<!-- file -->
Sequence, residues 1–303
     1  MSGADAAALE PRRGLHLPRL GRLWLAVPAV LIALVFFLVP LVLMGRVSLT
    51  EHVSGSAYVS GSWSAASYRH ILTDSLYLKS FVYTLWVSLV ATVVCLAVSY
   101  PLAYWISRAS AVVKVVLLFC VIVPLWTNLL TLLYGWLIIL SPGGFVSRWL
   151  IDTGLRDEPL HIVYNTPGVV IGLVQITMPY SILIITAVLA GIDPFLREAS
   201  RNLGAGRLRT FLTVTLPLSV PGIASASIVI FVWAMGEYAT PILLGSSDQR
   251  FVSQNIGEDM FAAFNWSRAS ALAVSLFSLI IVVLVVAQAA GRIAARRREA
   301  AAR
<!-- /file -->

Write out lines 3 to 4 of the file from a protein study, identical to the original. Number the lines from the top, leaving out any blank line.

    51  EHVSGSAYVS GSWSAASYRH ILTDSLYLKS FVYTLWVSLV ATVVCLAVSY
   101  PLAYWISRAS AVVKVVLLFC VIVPLWTNLL TLLYGWLIIL SPGGFVSRWL